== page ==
What will your retirement look like? Knowing what you want and need is key.
The best strategy when investing for college is to start early and invest often.
It's important to keep an eye on taxes while working toward your long-term goals.
When choosing mutual funds, select the ones that meet your investment objectives.
When shopping for a mutual fund, Ariel Investments says to be finicky. Investigate the fund’s management history, keeping in mind that the fewer the changes in leadership, the better. Also ask about expenses.
After falling to a low near 6,500 in March 2009, the Dow Jones Industrial Average doubled to hit an all-time high in March 2013. U.S. Funds profiles the rise and fall of the Down Jones Industrial Average.
Charles Schwab explains why it’s important to look at the progress you’re making toward your goals over time, as opposed to tracking short-term ups and downs. Because of the power of compound growth, investing is just as much about how much time you have as it is about how much money you start with.
Learn more from American Century about the most critical aspects of investing—risk, asset allocation and diversification—will create the foundation of your financial knowledge.
Do you worry about minimizing the amount of taxes you pay on your investments? Ivy Funds says effective, year-long tax planning can help. Here are six investor strategies that may help you keep more of what you earn.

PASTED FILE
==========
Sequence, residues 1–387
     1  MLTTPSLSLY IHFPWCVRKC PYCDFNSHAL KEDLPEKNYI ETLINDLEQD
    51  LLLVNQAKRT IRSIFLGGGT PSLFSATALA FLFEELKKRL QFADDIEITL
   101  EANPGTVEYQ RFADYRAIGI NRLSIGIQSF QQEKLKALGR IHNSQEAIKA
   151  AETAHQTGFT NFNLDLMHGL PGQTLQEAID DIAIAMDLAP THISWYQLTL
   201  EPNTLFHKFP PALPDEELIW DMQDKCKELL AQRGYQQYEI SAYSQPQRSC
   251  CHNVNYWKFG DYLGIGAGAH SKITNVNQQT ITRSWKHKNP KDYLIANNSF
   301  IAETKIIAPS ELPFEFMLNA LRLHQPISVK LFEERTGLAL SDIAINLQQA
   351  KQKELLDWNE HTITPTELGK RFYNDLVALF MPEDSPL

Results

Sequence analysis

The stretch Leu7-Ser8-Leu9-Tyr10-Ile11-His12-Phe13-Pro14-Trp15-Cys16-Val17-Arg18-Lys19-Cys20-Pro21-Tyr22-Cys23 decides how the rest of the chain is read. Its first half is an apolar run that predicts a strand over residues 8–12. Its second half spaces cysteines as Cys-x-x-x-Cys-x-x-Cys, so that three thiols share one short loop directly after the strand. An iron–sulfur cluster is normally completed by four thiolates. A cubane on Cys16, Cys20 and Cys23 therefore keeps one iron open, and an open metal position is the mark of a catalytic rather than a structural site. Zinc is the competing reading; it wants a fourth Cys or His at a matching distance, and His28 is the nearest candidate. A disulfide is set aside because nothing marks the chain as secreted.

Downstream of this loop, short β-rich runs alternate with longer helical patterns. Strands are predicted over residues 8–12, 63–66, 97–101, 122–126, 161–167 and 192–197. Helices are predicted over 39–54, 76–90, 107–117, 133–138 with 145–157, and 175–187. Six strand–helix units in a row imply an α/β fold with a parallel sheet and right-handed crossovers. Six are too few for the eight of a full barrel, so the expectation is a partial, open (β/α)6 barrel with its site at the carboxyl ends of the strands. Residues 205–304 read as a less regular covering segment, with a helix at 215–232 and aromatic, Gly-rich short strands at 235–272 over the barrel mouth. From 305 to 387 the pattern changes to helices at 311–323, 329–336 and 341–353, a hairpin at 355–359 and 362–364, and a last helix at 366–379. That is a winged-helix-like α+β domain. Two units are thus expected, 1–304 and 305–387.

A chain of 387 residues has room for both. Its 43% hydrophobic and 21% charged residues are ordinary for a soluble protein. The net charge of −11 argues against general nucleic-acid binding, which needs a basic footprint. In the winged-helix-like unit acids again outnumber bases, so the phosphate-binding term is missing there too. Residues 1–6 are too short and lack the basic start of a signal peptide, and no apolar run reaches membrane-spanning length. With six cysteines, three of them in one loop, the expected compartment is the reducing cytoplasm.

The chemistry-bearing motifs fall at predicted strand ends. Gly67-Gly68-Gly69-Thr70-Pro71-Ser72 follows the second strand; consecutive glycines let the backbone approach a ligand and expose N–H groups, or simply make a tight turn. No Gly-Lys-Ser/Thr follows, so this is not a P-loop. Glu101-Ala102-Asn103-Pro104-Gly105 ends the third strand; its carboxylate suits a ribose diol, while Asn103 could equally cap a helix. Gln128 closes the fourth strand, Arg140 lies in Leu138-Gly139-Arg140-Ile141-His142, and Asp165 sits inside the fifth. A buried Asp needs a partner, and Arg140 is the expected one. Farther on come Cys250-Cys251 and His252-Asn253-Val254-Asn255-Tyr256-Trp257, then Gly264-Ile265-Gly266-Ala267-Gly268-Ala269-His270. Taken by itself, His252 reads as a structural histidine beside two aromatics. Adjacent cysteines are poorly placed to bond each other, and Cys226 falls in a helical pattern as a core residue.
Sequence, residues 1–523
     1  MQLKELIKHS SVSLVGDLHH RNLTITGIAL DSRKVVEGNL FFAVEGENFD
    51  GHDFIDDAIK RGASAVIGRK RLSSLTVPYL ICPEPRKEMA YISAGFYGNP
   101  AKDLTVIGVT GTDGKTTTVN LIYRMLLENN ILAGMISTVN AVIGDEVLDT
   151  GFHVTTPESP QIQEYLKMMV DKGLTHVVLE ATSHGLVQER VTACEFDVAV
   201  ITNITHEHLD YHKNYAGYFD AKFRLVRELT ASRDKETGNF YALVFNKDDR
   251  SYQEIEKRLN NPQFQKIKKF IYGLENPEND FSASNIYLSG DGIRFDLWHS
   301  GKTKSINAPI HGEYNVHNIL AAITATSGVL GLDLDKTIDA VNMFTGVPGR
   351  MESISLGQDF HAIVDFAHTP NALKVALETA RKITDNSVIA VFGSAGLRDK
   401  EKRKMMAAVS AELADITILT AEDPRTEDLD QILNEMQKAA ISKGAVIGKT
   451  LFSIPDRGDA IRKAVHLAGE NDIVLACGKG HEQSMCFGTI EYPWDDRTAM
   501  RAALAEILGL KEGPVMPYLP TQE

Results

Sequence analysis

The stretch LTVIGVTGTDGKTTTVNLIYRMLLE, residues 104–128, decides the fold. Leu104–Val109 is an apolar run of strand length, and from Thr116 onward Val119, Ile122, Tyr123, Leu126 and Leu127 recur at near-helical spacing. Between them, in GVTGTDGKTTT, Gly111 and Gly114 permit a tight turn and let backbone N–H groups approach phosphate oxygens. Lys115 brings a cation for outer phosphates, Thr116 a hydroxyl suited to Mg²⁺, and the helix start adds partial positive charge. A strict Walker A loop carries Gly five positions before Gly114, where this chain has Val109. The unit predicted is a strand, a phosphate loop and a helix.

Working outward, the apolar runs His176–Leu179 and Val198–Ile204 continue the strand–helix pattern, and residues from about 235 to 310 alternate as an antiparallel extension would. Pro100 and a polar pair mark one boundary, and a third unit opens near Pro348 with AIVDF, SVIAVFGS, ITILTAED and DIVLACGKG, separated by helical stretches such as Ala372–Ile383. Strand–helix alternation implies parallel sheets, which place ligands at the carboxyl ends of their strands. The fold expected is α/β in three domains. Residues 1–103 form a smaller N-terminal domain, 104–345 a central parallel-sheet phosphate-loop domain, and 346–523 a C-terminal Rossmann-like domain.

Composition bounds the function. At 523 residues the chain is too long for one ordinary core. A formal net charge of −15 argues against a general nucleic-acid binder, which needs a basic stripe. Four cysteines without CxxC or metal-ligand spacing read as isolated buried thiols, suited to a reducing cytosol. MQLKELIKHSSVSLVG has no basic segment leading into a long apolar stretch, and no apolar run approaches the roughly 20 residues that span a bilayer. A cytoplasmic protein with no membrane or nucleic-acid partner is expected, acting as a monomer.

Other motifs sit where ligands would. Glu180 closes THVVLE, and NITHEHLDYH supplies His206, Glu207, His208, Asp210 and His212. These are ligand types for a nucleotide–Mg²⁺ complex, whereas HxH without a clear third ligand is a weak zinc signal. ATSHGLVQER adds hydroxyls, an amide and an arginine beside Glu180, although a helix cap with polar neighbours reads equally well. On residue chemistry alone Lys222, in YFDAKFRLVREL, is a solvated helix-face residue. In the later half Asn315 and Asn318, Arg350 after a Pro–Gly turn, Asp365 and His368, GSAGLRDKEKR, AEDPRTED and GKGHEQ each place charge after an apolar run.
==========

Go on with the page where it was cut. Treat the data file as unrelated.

Have you included health care costs in your retirement number? $220,000 is what Fidelity Investments figures a 65-year-old couple retiring this year will need—not including nursing home care—to cover health care costs in retirement. The number is down from last year’s $240,000 estimate. That’s good news, kind of: One of the reasons it’s down is because people weren’t going to the doctor as much during the recession.
As they regularly remind us, teens know everything. Money is no exception.In a recent Capital One 360 poll, 87% of 12- to 17-year-olds reported knowing at least an average amount about managing finances. Or not. That study also found that 24% of them think a debit card is used to borrow cash.
Given the strong flows into the bond market over the past few years, Columbia Management says many pundits have pondered the beginning of the “Great Rotation” when bond investors begin to move money into the equity market.
Despite the greatest monetary stimulus in history, Aberdeen Asset Management says the U.S. economy has continued to stumble along, with key housing, income and consumer data offering mixed signals at best.
With the Dow making repeated new all-time highs and the S&P 500 only a few points away from its all-time high, Fidelity says there’s a big question facing investors: breakout or fakeout?